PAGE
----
A new research facility for the study of rare diseases in children is now part of London’s Great Ormond Street Hospital (GOSH). One of the world’s leading pediatric facilities, it opened in 1852 in a townhouse and expanded rapidly, thanks to philanthropy—J.M. Barrie gave his copyright for Peter Pan to the institution in 1929. Now the hospital depends on the National Health Service for the bulk of its operational budget, but thrives because of private and charitable donations. Today, GOSH is an intensely urban low-rise complex, packed into Bloomsbury’s Georgian district, which provides 339 beds in 14 different buildings. In the late 1990s, the hospital managers considered moving from central London but rejected this idea for an ambitious new development that improves and expands the existing facilities. By doing so, the hospital retained the famous address, remained part of an ecosystem of other institutions, and attracted top staff who want to work in central London.
Shimmering glazing forms a vitrine at the street-level entrance of the Zayed Centre. Photo © HUFTON + CROW, click to enlarge.
Now architect Stanton Williams has inserted a generous, dignified new research and outpatient facility of 141,000 square feet in a domestic-scale neighborhood by taking over the site of a demolished computer facility at University College London. Constructed in partnership with the university and GOSH, the Zayed Centre was made possible by a $75.5 million donation from Her Highness Sheikha Fatima Bint Mubarak, the wife of the late Sheikh Zayed bin Sultan Al Nahyan, founder of the United Arab Emirates.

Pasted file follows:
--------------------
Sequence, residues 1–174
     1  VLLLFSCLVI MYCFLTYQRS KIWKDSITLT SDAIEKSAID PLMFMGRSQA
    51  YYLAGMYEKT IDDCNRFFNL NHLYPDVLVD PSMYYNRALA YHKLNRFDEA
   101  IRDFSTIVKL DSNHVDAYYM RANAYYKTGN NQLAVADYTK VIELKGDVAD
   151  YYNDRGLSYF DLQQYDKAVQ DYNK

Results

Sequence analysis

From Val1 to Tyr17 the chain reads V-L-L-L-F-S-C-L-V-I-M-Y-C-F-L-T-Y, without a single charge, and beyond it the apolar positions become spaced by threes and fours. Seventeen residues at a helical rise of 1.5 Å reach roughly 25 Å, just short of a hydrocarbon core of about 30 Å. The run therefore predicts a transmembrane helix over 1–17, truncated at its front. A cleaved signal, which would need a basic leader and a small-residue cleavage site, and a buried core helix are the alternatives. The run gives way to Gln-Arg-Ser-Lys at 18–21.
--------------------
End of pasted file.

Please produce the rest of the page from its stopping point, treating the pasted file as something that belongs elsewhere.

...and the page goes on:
One of the building’s great strengths is the simple transition between a six-story mostly glass-and-terra-cotta facade on the north and the more traditional three-story scale of the brick Bloomsbury neighborhood to the south. It also represents a new typology for a radically modern type of medicine: the first time anywhere that outpatient pediatric care has been paired with laboratory research in rare diseases. Research previously took place at GOSH in separate pockets across the wider hospital assemblage.
Visitors walking along the front enter and cross over the lab on a bridge to get to the interior lobby. Photo © HUFTON + CROW
Encouraging proximity between lab research and patient care meant managing the moments of necessary seclusion, along with visibility when desired. This strategy is immediately evident along the building’s north side, where what appears to be a long open vitrine on the ground floor sits beneath an impressive finned terra-cotta screen shielding glass walls. Pedestrians walking by the center can look down into the labs on the lower level or to the street-level reception area. Both outpatients and lab workers enter the building by walking on a bridge extending over the below-grade labs, which get abundant daylight from the street level above.
The eight-story structure (two stories of which are below grade) is concrete—a post-tensioned slab with wide spans—that is “deliberately quite straightforward,” says Gavin Henderson, a principal director.
Yet the subtlety of the scheme is manifested in the way the interior reconciles families, often with very sick children, and research personnel. “Researchers are developing new treatments, which the patients are then receiving,” adds Henderson. “The outcome of those treatments is fed back into the research. So there’s a sort of a virtuous circle.”